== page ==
The Royal Bank of Scotland Group plc (NYSE:RBS) (LON:RBS) plans to shut down its riskier investment-banking businesses, according to a report published by Financial Times.
Royal Bank of Scotland Group plc (NYSE:RBS) (LON:RBS) is set to announce a strategic review when it reports earnings on February 27.
RBS’ workforce to shrink by 30,000
According to the Financial Times report, Britain’s largest state-owned lender’s workforce of 120,000 will shrink by 30,000 in coming years, as businesses including its U.S. bank and some British branches are spun off and jobs are cut. The 30,000 jobs cited by the FT included the 18,500 staff at RBS Citizens Financial Group Inc., its U.S. banking unit, which RBS plans an initial public offering for later this year.
The slashing of workforce would also include about 4,500 workers at Williams & Glyn, a group of 314 branches that Royal Bank of Scotland Group plc (NYSE:RBS) (LON:RBS) is selling to satisfy regulators as a condition of its state bailout.
As reported earlier, Investec analyst Ian Gordon attributes investors’ optimism to confidence that RBS CEO Ross McEwan will introduce aggressive new measures at the strategic update next week, and while Gordon shares this confidence he disagrees on the timeline.
Last month, Jefferies analysts headed by Joseph Dikerson reiterated their Buy rating on Royal Bank of Scotland Group plc (NYSE:RBS) (LON:RBS) as the research firm believes that recent announcement on litigation and conduct charges are not thesis-changing. The analysts predicted on appreciation of value in the RBS’ core operations as well as extensive balance sheet optionality.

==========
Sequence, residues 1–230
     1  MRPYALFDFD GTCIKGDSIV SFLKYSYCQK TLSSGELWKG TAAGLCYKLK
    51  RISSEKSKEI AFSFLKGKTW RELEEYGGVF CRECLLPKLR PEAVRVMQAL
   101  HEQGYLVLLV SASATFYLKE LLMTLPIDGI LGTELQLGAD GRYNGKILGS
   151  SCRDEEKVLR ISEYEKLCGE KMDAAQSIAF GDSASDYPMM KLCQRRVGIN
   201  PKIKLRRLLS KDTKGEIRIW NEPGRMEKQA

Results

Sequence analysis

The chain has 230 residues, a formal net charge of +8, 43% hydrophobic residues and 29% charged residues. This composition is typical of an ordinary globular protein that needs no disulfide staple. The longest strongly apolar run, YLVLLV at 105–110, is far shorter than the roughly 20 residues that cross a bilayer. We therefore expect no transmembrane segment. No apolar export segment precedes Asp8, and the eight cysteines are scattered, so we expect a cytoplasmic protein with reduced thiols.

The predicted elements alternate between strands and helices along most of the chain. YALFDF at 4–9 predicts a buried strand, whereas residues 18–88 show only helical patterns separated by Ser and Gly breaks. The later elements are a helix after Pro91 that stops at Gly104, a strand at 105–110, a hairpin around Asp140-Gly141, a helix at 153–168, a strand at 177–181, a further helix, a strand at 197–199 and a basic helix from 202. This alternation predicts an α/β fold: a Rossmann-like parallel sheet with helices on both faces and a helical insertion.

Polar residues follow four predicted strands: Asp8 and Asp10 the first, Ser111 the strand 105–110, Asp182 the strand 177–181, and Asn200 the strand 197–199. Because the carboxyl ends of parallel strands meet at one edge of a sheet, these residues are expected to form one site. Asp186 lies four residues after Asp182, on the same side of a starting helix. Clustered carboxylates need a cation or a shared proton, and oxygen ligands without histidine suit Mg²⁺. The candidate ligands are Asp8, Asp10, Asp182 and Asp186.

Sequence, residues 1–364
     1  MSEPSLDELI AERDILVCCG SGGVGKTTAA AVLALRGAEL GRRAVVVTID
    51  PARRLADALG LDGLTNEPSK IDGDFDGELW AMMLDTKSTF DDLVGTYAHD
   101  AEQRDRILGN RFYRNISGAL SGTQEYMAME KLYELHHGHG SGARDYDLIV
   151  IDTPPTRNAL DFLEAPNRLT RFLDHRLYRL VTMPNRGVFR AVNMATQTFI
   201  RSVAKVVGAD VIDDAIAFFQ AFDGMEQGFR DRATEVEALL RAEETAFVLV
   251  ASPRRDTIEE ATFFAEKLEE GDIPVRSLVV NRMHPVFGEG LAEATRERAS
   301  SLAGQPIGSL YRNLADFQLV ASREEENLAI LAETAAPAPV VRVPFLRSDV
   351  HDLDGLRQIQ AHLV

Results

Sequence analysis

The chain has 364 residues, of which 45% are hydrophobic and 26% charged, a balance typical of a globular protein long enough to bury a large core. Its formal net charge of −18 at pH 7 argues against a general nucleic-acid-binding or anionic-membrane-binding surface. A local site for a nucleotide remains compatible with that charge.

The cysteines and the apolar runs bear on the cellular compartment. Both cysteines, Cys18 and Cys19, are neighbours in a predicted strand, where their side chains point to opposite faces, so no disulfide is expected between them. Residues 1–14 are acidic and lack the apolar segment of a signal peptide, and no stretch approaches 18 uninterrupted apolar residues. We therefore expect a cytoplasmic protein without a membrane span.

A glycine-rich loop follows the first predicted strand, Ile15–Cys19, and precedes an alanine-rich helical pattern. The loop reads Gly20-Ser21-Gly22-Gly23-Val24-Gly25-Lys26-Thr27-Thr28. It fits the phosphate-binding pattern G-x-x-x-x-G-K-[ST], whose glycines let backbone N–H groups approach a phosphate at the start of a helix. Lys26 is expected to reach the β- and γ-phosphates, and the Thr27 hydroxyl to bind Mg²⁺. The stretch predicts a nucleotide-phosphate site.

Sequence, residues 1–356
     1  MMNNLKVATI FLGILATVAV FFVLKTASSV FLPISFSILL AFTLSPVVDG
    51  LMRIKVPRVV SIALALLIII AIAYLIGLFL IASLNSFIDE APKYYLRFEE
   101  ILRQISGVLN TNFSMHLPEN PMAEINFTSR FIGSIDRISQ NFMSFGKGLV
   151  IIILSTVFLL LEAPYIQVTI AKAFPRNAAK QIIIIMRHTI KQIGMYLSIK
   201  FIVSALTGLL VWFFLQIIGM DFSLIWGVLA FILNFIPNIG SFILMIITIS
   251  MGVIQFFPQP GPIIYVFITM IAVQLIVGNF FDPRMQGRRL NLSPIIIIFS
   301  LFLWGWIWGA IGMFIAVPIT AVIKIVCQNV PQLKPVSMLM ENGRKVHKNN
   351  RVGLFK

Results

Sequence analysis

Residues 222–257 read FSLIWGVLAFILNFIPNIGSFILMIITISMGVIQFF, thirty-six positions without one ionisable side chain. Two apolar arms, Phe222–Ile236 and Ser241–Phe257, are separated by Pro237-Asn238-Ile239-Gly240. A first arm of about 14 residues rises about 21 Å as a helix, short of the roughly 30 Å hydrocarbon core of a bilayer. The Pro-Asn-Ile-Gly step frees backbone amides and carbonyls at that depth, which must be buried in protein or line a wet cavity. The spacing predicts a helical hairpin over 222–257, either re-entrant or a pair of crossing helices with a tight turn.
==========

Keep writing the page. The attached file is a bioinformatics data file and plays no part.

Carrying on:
Staff strength could fall below 100,000
According to Harry Wilson of The Telegraph, the slashing of jobs at Royal Bank of Scotland Group plc (NYSE:RBS) (LON:RBS) could be announced next Thursday as part of chief executive Ross McEwan’s turnaround plan for the lender, as he faces pressure from the City to set out how he will get the business back into the black amid an expected loss last year of close to £ 8 billion. The job losses and business closures will likely see RBS staff numbers, which stood at 161,000 at the time of its £ 46 billion bailout in 2008, fall to below 100,000 for the first time since the bank’s 2000 takeover of larger rival NatWest. Citing sources with knowledge of the work, Harry Wilson points out the ‘Project Cook’, the internal codename for the plans, would see RBS cut tens of thousands of staff.
Gary Greenwood, an analyst at Shore Capital, thinks exiting overseas businesses would enable Royal Bank of Scotland Group plc (NYSE:RBS) (LON:RBS) to become much more focused on the U.K. retail, business and corporate banking segments, while also allowing for significant cost cuts and reinvestment in new technology.